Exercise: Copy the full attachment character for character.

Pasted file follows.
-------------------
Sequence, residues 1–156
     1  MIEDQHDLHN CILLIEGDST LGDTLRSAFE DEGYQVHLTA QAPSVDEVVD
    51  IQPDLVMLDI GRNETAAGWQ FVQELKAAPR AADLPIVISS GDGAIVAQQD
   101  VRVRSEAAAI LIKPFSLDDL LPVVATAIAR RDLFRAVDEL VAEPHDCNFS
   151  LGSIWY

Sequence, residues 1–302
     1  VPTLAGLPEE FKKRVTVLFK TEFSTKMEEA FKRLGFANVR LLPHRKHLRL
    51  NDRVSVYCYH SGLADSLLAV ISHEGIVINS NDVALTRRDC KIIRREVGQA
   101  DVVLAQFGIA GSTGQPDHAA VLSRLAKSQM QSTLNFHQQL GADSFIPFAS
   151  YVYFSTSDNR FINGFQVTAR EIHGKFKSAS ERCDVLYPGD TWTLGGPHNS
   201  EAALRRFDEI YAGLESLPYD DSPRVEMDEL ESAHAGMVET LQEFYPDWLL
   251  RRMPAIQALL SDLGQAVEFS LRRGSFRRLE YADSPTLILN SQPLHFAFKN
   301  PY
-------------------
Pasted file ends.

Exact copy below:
Sequence, residues 1–156
     1  MIEDQHDLHN CILLIEGDST LGDTLRSAFE DEGYQVHLTA QAPSVDEVVD
    51  IQPDLVMLDI GRNETAAGWQ FVQELKAAPR AADLPIVISS GDGAIVAQQD
   101  VRVRSEAAAI LIKPFSLDDL LPVVATAIAR RDLFRAVDEL VAEPHDCNFS
   151  LGSIWY

Sequence, residues 1–302
     1  VPTLAGLPEE FKKRVTVLFK TEFSTKMEEA FKRLGFANVR LLPHRKHLRL
    51  NDRVSVYCYH SGLADSLLAV ISHEGIVINS NDVALTRRDC KIIRREVGQA
   101  DVVLAQFGIA GSTGQPDHAA VLSRLAKSQM QSTLNFHQQL GADSFIPFAS
   151  YVYFSTSDNR FINGFQVTAR EIHGKFKSAS ERCDVLYPGD TWTLGGPHNS
   201  EAALRRFDEI YAGLESLPYD DSPRVEMDEL ESAHAGMVET LQEFYPDWLL
   251  RRMPAIQALL SDLGQAVEFS LRRGSFRRLE YADSPTLILN SQPLHFAFKN
   301  PY